The conventional, read popular, perception of mathematics assumes an abstract domain tightly governed by the interplay of integers, numbers, principles, theories, algorithms, theorems, and formulae – all cast in stone. Such perceptions fuel notions that mathematics is a very precise science that imposes a rigid matrix on all that it surveys. Large parts of such perceptions continue to hold true. However, certain aspects of modern science remain premised on elements that are external to the rigid norms and laws of math.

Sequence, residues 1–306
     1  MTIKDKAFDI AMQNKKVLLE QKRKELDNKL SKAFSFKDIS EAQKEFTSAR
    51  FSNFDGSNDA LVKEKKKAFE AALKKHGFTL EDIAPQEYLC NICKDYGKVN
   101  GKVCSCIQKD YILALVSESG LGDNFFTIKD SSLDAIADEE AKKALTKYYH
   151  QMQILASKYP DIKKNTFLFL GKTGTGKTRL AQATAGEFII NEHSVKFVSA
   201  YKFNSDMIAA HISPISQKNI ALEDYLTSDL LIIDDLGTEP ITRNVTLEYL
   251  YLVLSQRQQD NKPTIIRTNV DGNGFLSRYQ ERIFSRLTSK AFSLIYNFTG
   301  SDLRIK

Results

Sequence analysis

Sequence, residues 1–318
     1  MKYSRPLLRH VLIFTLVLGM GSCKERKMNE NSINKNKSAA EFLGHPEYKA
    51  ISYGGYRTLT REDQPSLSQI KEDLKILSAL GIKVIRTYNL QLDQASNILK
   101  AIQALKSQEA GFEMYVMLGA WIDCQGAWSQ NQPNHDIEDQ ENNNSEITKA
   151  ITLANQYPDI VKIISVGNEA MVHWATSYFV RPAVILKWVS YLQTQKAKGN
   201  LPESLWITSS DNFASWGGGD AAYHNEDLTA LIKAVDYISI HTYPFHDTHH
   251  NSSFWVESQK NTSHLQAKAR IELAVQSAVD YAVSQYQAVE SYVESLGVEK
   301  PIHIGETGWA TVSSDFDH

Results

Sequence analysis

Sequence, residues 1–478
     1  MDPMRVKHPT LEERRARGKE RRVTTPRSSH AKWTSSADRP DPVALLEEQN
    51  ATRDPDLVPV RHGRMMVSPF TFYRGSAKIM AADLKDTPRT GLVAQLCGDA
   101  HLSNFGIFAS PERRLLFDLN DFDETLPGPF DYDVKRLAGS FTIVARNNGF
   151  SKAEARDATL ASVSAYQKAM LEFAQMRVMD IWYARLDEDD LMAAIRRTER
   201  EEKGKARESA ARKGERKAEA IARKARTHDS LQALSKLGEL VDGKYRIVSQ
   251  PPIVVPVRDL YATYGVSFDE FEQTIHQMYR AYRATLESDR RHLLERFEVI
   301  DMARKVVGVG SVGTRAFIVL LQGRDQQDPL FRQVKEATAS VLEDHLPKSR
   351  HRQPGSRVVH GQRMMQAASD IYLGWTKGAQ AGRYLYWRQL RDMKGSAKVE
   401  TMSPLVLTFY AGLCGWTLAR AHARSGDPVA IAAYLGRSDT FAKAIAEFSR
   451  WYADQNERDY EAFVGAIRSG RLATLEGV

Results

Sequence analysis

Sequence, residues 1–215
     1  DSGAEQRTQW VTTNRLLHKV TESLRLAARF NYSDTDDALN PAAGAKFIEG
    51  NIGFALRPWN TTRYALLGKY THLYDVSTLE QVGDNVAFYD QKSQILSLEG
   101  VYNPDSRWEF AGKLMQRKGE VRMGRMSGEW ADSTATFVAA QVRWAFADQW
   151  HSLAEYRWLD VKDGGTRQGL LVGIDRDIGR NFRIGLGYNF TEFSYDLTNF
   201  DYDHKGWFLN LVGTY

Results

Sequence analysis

Consumer behavior in modern times, for instance, represents an imprecise discipline that refuses to yield to the classical constructs of mathematics. In response, the men and women of science have forged the concept of fuzzy logic – an idea that is “based on the observation that people make decisions based on imprecise and non-numerical information.” In other words, fuzzy logic models defy the limits of classical science and binary logic. Ergo, these models comprise the “mathematical means of representing vagueness and imprecise information.” The manifest forms of imprecision can extend to flowchart diagrams that may portray multiple decisions emerging from the convoluted expanses of a process depicted on a canvas.